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Antares 2"-1.25" Twist-lock Adapter

Posted by Joe Metzger   04/28/2008 12:00AM

Antares 2"-1.25" Twist-lock Adapter
I admit it. I’m a gadget guy. I’m always on the lookout for accessories that I think will enhance my observing experience, so I obtained one from Agena AstroProducts for evaluation. The idea of a twist-lock adapter seemed like a good one, and I was anxious to see how it would work.


A few days later, the adapter arrived in the mail. My initial impression was that it was well made and nicely finished. I immediately noticed a couple of things I wasn’t expecting. Firstly, the barrel was smooth – no safety undercut. Secondly, the adapter’s compression ring was plastic rather than brass. After inspecting the twist mechanism design, I discovered that a flat compression ring really wouldn’t work properly, and that plastic was probably a good cost-effective material for the ring.

Some other features of the adapter are a black barrel interior, and a knurled twist ring. If the twist ring is removed completely, the threads are T-ring compatible, which is nice. The adapter is also threaded for 2” filters. With the exception of the compression ring, the adapter is of all-metal construction, and the twist lock operates very smoothly.


To test the holding power of the adapter, I inserted a 13mm Baader Hyperion eyepiece, which weighs about 14 oz., tightened the twist-ring, and then held them upside down and gave a little shake. I was surprised when the eyepiece slid partially out of the adapter. I tried it several times, with the same result – the eyepiece came out of the adapter about 1/8”, and then met enough resistance to stop it from dropping out completely. What was happening was that the safety groove on the eyepiece did not line up exactly with the compression ring when the eyepiece was fully inserted into the adapter. When the compression ring was tightened, it was riding on the shoulder of the groove, which didn’t provide enough surface for the ring to grip properly. When I shook them, the ring slipped off the shoulder and into the safety undercut, where latent tension compressed it just enough to prevent the eyepiece from coming all the way out of the adapter.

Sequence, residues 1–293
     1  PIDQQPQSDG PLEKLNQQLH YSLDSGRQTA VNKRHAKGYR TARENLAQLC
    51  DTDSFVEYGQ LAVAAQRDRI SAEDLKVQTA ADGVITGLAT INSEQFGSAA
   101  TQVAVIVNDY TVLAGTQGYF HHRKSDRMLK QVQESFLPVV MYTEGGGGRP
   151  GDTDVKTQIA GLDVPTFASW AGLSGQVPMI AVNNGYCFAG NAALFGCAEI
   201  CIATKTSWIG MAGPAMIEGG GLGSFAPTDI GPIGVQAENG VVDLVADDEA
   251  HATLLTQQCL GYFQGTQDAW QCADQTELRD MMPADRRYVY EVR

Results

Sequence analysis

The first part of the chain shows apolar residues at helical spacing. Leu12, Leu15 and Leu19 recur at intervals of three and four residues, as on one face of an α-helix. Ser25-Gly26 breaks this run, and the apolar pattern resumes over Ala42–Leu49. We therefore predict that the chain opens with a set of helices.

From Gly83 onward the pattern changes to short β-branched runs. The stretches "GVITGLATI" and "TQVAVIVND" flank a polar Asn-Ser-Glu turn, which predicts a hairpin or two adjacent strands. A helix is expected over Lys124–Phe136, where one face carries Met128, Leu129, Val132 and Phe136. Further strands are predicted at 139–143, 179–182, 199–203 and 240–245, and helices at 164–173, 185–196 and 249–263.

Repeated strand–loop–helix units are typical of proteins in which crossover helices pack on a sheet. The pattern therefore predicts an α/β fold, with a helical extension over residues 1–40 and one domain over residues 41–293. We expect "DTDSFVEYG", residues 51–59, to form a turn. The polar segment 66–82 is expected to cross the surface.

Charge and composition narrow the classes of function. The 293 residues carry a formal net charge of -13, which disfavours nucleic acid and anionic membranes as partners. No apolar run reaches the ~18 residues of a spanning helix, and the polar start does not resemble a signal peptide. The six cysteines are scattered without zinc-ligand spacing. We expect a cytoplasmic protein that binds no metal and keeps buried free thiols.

Obviously, the slippage was a problem. I then tried lining up the compression ring with the safety groove before tightening, which, although it meant the eyepiece was not fully inserted into the adapter, I figured would at least allow the compression ring to tighten fully and solve the slippage problem. To my further surprise, I was unable to tighten the compression ring enough to grip the eyepiece. When fully tightened, the compression ring was just slightly too big.


I decided to try cutting a little off one end of the compression ring, hoping it would then compress more, and grip the eyepiece. I snipped about 1/16” off (see photo), filed it smooth, and tried again, this time with success! The compression ring was now able to get a solid grip on the eyepiece barrel in the safety undercut. Unfortunately, this meant that the body of the eyepiece was sitting about 1/8” above the surface of the adapter (see photo). Esthetically not very pleasing, but at least it worked.


Since there seems to be no standard for where on a barrel a safety undercut should be placed, or how wide or deep it should be, I can’t say whether the adapter will have the same problem with other eyepieces. Other than what I have described, I think the adapter is a nice accessory if you are using several smooth-barrel 1.25” eyepieces during an observing session, and you want a quick and easy way to insert and remove them from a 2” focuser or diagonal. However, I wouldn’t recommend the adapter for use with heavy eyepieces, binoviewers, or cameras with safety-undercut barrels unless you take the time to shorten the compression ring, and always make sure the compression ring is fully seated in the safety undercut.

UPDATE (5/1/2008): I have been told that Antares has modified the design of the adapter and now all new adapters are shipping with shorter compression rings. - J.D.